Footage of legendary filmmaker Australian Malcolm Douglas, and his up-close encounter with a kangaroo, is once again doing the rounds online.
The late wildlife documentarian's spar with a big red kangaroo is a reminder to the world just how nuts Australians really are.
In the footage, Douglas demonstrates exactly how kangaroos seize up their opponents, and how to carefully stop them from knocking your block off.
The legendary crocodile hunter, goes toe to toe with the animal before separating himself from it with a thin-branched tree.
He also explains how Kangaroos might take offence to a particular stance or movement.
In the video, he says: "He wants to be the dominant male.
"He's standing right up, he's showing me how big he is, he'll lean right back, and he'll use his tail as a spring to come forward and grab with his claws to try to pull me in and kick with his feet."
He manages to explain the movements of the roo all while seemingly antagonising it with light jabs to the animal's chest; the mad man.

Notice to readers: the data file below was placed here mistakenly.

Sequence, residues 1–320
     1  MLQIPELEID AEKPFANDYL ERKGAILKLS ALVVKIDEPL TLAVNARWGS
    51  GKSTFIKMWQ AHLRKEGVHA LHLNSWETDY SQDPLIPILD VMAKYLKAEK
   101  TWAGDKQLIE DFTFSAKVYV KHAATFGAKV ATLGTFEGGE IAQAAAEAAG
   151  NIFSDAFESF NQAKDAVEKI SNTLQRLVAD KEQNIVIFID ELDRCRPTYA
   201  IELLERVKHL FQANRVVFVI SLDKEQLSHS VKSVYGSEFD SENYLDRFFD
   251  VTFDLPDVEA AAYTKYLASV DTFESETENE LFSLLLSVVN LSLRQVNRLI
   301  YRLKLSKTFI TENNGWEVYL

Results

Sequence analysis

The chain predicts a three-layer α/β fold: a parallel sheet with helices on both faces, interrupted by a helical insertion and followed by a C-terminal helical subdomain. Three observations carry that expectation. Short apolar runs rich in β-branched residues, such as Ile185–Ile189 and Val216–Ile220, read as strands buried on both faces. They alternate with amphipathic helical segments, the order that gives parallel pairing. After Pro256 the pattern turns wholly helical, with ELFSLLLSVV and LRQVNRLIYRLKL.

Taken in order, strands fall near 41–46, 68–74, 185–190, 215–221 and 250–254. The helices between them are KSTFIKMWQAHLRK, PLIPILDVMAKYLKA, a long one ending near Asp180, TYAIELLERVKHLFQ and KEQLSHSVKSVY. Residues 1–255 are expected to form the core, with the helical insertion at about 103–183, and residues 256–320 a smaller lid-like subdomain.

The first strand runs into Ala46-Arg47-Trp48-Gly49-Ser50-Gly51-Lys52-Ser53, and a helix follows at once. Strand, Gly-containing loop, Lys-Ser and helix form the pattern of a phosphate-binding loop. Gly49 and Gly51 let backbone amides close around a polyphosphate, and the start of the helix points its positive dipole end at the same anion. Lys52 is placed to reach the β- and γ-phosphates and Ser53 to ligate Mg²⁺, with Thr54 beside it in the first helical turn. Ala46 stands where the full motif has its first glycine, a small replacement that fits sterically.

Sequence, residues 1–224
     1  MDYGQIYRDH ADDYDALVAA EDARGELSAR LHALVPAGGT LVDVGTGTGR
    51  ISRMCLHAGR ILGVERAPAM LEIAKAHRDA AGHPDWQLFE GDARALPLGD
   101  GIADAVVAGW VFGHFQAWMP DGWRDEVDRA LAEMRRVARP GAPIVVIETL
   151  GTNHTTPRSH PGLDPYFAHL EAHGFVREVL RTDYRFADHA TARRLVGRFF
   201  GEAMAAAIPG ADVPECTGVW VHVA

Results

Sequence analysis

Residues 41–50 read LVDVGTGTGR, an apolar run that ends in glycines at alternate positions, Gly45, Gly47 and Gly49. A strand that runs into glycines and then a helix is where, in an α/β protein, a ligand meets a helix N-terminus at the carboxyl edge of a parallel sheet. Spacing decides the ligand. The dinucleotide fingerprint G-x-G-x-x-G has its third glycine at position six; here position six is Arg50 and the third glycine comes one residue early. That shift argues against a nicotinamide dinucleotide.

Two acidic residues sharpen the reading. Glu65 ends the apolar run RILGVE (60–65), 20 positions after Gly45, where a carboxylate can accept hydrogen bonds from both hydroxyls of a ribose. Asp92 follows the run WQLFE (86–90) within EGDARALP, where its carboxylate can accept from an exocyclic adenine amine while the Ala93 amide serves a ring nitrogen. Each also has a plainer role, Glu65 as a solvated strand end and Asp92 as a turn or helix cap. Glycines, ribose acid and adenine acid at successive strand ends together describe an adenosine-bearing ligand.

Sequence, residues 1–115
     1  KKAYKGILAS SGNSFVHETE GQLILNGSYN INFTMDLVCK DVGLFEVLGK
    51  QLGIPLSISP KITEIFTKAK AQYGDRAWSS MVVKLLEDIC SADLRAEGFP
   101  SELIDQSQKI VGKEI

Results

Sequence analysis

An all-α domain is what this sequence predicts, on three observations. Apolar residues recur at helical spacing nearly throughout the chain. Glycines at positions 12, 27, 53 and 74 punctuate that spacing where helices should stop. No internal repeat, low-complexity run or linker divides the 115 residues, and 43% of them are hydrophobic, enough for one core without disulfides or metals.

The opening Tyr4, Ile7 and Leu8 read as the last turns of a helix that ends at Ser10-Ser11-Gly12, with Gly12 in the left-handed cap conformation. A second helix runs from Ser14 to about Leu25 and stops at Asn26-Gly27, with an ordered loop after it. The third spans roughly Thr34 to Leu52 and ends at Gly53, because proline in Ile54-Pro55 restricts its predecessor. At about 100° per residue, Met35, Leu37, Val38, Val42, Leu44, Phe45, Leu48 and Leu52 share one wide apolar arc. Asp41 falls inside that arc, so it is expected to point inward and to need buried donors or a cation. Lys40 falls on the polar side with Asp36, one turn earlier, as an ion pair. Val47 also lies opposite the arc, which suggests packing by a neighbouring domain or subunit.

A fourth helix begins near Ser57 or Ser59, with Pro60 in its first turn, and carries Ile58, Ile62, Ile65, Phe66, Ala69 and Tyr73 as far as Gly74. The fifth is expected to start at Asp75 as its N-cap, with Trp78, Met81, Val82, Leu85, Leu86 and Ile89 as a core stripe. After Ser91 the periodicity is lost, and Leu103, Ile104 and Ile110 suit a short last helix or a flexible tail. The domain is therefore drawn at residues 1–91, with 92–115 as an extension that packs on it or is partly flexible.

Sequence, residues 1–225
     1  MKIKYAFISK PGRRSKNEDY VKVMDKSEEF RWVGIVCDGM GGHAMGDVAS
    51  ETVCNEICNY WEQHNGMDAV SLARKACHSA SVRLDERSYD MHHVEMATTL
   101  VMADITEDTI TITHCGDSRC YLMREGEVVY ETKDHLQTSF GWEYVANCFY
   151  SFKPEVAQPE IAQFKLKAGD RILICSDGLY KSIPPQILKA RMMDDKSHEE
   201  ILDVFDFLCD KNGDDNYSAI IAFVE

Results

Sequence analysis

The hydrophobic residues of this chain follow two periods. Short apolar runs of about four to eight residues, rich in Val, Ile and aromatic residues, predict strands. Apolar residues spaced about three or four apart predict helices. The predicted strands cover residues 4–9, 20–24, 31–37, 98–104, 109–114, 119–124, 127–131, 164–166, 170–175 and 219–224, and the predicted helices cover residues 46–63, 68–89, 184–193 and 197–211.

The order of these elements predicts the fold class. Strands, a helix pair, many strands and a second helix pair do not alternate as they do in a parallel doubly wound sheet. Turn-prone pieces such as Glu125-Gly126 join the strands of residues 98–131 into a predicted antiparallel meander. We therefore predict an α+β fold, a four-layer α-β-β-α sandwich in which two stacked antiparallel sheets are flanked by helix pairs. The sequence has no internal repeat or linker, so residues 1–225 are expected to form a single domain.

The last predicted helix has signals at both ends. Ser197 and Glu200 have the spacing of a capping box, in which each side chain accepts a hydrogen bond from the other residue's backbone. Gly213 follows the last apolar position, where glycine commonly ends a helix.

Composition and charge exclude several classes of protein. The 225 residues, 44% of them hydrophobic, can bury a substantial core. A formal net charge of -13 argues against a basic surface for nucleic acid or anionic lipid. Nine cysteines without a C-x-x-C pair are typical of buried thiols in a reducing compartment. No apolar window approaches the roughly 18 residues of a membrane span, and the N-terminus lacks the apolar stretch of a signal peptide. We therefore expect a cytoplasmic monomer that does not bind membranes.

When the animal jumps at Douglas, he sternly tells him to calm down. And to really just emphasise his ability with animals, the kangaroo listens.
He later shows himself calming down the kangaroo by crouching down, and Big Red follows suit. Before long they are making up and best of mates. Absolute scenes from Douglas.
The footage recently reemerged on Reddit with some users perplexed about the nature of the conflict.
One user said: "Sorry but I am not trying to kiss a kangaroo after it just swung on me. That dog looked like it was having some fun though."
Another saying: "Gawd what a weird f*****g creature."
While other users seemed appreciative of the seemingly trivial information provided in the video.
A user said: "Living in an entirely different hemisphere, this seems like the sort of information that might seem trivial until unforeseen circumstance plunges you right into a situation like this. Stowing this one away."
One user seemed to feel for the roo, who was probably as confused by the situation as the comment section itself.
They said: "I genuinely don't know where I stand with this guy. One minute he's trying to fight me, the next he's on all fours kissing me."
While Steve Irwin is traditionally known as Australia's 'Crocodile Hunter', Douglas was the original.
He produced 50 documentaries and films for Channel 7 and Channel 9 but tragically passed away in 2010 in a horrific car accident in Broome.
Time and time again this footage seems to resurface, and time and time again a new audience is introduced to the incredible legend of Malcolm Douglas.
Featured Image Credit: Channel 7